MATH231 Lecture Notes 2 - 1 Sequences and Series...

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Unformatted text preview: 1 Sequences and Series Definition: A sequence is a function whose domain is the set of integers: in other words for each integer we have a real number. Some examples: Example: a n = 1 n 2 or 1 , 1 4 , 1 9 , 1 16 . . . Example: a n = sin( n 4 ) 0 , 2 2 , 1 , 2 2 , ,- 2 2 ,- 1 , . . . Example: a n = 2 +- 1 n 1 , 5 2 , 5 3 , 9 4 , 9 5 . . . Definition: Convergence a n L if for every > 0 there exists an N such that | a n- L | < for all n > N In other words, the game is this: In order for a sequence to converge the following has to hold: You give me a tolerance ( ) I have to find a number L (the limit) such that EVERY element after some point is within the tolerance ( ) of the limit ( L ). If I can do this for EVERY tolerance then the sequence is convergent. Examples: Examples 1 and 3 above are convergent. Example 2 is not convergent. Proof a n = 1- 1 n 2 . I claim that the limit is 1. In other words for every positive I can find N such that n > N implies | a n- | < . I can choose N =- 1 / 2 Of course one basically NEVER evaluates a limit using the , definition. The following theorem is the one which is most useful: Theorem: Suppose that lim x f ( x ) = L . Then lim n f ( n ) = L Example: Evaluate lim n 2 n 2 + 1 3 n 2 + n + 18 lim x 2 x 2 + 1 3 x 2 + x + 18 = lim x 4 x 6 x + 1...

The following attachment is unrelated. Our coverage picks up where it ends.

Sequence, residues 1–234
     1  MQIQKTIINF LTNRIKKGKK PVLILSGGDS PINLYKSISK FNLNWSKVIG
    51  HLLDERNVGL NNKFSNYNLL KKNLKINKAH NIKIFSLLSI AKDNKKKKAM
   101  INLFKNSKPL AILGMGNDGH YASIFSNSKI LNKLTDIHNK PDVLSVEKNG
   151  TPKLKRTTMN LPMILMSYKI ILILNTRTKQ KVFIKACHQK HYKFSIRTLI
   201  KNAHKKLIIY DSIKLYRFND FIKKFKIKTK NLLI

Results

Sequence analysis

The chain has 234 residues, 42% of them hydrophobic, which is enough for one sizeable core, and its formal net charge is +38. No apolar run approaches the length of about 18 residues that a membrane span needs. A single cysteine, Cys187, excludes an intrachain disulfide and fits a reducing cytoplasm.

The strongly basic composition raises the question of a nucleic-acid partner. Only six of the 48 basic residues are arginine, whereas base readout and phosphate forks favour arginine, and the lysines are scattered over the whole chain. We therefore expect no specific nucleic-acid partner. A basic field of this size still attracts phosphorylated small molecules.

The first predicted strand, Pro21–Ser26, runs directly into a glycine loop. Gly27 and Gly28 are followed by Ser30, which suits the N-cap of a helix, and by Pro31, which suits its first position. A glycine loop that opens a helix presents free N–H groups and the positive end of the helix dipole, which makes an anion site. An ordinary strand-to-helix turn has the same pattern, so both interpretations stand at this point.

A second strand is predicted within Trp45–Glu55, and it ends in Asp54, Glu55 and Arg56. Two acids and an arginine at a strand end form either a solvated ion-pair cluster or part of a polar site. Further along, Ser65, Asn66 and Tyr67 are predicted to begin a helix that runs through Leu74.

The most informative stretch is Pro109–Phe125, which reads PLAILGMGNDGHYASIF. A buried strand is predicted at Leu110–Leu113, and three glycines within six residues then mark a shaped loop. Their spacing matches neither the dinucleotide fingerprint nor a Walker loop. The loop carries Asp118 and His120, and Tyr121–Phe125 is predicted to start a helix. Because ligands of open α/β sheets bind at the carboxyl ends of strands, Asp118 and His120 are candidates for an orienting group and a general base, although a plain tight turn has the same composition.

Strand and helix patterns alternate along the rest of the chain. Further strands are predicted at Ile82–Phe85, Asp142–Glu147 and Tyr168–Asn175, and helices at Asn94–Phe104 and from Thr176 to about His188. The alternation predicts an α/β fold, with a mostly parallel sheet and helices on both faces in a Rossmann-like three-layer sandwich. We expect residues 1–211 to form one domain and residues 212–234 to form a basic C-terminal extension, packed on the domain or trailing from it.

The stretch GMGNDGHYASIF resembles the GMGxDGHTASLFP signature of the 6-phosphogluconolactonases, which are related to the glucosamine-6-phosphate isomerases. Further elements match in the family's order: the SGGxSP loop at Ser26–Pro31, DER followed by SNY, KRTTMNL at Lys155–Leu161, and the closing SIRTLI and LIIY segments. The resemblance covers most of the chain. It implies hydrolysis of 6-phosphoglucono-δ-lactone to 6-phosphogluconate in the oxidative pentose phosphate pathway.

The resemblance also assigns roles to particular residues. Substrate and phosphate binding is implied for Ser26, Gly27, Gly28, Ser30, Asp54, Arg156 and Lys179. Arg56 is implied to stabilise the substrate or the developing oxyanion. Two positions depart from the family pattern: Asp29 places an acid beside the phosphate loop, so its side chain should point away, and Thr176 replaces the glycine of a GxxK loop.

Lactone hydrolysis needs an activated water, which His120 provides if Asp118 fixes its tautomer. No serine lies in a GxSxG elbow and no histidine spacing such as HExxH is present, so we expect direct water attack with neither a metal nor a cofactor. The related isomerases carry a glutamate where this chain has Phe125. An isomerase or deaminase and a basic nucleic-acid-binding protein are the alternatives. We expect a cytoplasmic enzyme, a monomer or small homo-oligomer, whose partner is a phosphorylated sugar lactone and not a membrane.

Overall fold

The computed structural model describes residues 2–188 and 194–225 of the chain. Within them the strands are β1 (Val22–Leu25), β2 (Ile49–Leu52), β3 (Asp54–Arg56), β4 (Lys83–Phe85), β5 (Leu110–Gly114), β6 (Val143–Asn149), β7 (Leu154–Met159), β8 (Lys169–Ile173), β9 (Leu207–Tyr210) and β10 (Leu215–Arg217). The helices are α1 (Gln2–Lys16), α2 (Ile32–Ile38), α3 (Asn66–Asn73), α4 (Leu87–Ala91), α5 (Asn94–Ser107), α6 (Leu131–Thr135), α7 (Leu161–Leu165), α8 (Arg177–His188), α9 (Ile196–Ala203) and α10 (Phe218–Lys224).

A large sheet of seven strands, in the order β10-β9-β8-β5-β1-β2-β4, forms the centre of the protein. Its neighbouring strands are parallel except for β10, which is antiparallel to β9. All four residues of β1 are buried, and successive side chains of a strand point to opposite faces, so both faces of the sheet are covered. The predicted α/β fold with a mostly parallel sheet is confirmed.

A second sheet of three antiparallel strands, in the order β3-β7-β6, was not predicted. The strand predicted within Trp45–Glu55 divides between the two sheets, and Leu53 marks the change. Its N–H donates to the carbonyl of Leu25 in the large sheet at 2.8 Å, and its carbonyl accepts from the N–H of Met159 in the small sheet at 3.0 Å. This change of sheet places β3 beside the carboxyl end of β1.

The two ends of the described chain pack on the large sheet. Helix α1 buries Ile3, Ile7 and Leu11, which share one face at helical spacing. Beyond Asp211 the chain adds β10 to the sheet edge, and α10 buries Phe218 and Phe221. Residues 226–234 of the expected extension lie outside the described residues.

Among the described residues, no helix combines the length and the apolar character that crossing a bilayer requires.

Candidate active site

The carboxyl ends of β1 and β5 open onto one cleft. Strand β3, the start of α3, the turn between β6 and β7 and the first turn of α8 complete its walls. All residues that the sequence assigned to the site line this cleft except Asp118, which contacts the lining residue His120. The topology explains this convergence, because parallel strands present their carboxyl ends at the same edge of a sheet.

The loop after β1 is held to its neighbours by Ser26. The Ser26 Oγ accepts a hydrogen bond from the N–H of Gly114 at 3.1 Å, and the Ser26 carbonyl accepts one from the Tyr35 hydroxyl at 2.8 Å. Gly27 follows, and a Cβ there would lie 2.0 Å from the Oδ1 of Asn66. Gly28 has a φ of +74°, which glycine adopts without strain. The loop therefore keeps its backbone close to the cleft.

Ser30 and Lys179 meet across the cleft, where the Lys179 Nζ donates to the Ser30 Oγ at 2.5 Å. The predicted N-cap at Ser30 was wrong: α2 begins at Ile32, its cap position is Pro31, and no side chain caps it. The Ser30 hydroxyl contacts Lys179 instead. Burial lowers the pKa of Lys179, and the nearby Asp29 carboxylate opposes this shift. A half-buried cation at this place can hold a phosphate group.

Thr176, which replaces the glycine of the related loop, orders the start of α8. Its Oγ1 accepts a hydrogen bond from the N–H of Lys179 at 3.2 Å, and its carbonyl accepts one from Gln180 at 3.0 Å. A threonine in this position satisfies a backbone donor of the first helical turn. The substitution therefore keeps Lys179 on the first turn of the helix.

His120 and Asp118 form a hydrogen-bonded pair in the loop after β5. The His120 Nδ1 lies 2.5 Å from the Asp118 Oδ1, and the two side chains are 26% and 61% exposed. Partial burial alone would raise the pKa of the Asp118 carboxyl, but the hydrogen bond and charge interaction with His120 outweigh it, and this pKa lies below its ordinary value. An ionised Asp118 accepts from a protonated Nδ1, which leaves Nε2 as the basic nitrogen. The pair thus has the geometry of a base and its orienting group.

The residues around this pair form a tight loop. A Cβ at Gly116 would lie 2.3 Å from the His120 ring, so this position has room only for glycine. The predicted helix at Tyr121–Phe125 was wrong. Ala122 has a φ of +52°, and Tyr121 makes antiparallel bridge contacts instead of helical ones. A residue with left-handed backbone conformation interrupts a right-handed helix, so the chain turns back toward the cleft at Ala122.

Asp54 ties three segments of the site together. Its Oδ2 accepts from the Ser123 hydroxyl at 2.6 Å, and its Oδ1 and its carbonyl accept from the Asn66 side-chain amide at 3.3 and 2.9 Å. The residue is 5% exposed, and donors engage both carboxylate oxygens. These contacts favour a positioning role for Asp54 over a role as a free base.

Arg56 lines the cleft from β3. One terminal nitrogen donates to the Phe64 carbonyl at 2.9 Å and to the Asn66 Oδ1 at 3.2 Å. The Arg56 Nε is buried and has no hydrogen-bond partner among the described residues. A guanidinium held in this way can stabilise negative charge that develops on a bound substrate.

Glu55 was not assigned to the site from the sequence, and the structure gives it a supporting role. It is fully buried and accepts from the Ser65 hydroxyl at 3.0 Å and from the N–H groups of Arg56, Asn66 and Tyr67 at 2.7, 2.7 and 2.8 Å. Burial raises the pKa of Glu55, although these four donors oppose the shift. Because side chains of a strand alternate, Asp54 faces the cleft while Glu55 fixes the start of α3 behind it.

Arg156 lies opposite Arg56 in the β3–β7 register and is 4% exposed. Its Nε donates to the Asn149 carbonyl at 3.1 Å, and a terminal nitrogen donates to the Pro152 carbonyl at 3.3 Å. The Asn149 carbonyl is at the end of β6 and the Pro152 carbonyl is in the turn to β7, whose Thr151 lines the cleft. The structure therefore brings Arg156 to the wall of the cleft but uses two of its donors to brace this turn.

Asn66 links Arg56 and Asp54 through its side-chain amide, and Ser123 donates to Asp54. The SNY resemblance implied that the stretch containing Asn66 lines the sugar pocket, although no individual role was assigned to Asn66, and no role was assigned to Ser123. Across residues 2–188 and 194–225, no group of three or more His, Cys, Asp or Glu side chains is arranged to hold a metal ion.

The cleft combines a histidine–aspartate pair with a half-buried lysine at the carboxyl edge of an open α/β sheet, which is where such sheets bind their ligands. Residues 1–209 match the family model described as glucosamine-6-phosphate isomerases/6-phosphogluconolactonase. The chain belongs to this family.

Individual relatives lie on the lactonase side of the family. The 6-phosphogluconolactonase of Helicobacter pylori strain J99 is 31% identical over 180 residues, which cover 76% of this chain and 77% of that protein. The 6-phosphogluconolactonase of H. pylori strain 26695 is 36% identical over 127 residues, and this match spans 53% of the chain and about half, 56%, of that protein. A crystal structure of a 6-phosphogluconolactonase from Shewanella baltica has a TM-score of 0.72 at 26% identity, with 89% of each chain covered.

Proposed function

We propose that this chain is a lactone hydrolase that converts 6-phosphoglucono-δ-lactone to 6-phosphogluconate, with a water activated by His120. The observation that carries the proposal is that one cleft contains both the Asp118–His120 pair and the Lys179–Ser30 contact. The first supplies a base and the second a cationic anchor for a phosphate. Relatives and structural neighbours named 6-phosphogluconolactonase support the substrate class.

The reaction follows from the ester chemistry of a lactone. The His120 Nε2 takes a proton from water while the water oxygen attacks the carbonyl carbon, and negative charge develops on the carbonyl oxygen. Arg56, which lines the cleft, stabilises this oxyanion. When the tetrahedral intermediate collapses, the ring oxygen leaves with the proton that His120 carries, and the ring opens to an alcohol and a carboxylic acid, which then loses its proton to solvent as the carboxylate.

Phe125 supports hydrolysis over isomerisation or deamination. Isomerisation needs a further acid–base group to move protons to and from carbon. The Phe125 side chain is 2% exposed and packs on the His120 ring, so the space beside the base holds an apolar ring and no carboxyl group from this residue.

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This note was uploaded on 04/07/2008 for the course MATH 231 taught by Professor Bronski during the Spring '08 term at University of Illinois at Urbana–Champaign.

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MATH231 Lecture Notes 2 - 1 Sequences and Series...

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